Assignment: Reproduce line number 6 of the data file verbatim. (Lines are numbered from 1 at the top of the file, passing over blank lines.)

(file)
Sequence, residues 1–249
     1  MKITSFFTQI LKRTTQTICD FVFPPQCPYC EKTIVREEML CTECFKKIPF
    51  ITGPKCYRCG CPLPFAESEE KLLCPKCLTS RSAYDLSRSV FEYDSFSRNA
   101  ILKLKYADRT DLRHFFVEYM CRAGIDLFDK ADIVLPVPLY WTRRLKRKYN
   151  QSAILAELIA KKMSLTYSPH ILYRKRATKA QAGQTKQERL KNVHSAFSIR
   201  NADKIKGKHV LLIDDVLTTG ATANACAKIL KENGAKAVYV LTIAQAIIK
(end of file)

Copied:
   201  NADKIKGKHV LLIDDVLTTG ATANACAKIL KENGAKAVYV LTIAQAIIK